Cutting taxes on unearned income has become a favorite way for politicians to reward the upper middle class and wealthiest citizens but especially to benefit multinational corporations, which have enormous influence in electoral politics.
    Bill Clinton’s administration reduced the tax on capital gains from 28 percent to 20 percent. George W. Bush came along after Clinton and cut capital gains from 20 percent to 15 percent. Imagine if government had cut the tax rate on wages nearly in half. Now it’s Donald Trump’s turn.

    Trump’s so-called “tax reform” legislation is more accurately called “tax forgiveness.” He proposes post-facto rate reductions that allow corporations off the hook on hundreds of billions in back taxes they already owe on their overseas profits. Imagine if workers could legally dodge taxes so brazenly. The fundamental fraud of Reaganomics — that everyone will benefit if rich people get — is the same argument Trump is making for his bogus “tax reform.” It was the big lie in 1981, and it’s still the big lie in 2017.

    It is a dodge of hundreds of billions in federal taxes they owe on their overseas operations (a nifty loophole allows them to defer paying taxes until they bring the money home). The titans owe some $600 billion, which they refuse to pay unless and until Congress reduces the tax rate on past profits as well as future profits. No surprise, Trump supports the corporates.

    The top 50 US corporations owe more than $600 billion on $2.4 trillion in profits. …Refreshing the field of battle with new faces and original ideas risks losing the next election or two, but intramural contests can energize skeptical voters and redefine fundamental principles.

    69 percent say wealthy corporations paying their fair share of the taxes is more important than cutting the taxes for American business to make them more competitive in the global economy,” the survey concluded. In other words, Americans have “progressive values” on taxation. They are more worried that Republicans will cut Social Security and Medicare to pay for tax cuts for corporations and the wealthy.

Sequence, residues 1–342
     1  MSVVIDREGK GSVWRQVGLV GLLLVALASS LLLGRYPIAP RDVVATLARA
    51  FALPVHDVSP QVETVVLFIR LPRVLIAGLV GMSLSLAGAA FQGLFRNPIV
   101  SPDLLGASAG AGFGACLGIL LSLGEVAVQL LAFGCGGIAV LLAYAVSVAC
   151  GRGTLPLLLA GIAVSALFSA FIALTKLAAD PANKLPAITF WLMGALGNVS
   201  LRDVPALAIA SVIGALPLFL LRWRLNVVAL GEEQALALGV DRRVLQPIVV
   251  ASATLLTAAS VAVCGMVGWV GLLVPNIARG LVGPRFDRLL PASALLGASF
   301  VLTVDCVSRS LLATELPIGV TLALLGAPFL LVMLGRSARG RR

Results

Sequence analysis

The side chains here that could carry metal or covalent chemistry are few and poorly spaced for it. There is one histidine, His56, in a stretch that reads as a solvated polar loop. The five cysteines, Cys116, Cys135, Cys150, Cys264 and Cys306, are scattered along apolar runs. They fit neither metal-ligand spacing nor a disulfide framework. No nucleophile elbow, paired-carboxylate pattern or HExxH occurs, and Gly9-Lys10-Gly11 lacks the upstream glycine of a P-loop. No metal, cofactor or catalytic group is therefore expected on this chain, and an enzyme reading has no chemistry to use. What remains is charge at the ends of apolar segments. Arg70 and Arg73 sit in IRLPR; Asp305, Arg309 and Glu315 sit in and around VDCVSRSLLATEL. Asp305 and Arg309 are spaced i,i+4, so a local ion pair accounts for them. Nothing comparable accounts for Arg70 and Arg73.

Sen. Bernie Sanders has proposed a simple solution: End the deferral of corporate taxes on overseas profits. Make them pay what they owe — now.

    William Greider

  3. Ror, they certainly won’t pay for it by spurring economic growth. Professor Sheila Kennedy blogs an analysis of 92 profitable companies that managed to pay less than 20% (the corporate rate the Trump plan proposes) in taxes from 2008 through 2015. Those companies had a job growth rate of –1% versus +6% for the private sector overall and boosted CEO pay 18% versus 13% for all S&P 500 CEOs and 4% for all private sector workers. The analysis she cites agrees with Leslie’s position that we need to close the loopholes and make corporations pay their fair share, not transfer more wealth up the ladder to their fatcat CEOs.

  4. Darin Larson

    Trump’s tax plan to help the beleaguered 1% just keeps getting uglier and uglier for the middle class and lower income Americans. Under Trump’s plan the top income tax bracket would be reduced from 39.6% to 35% and the bottom bracket would be INCREASED from 10% to 12%. Couple this with Trump’s proposals to decrease corporate tax rates from 35% to 15% and elimination of the estate tax for the ultra wealthy and you have a plan that should widen the economic disparities between the rich and everyone else in America. As an added bonus, Trump’s plan will balloon the deficit even greater than its current out of control status and guarantee we don’t start getting our national debt under control. Let the middle class eat cake at Mar-a-Lago! Sad!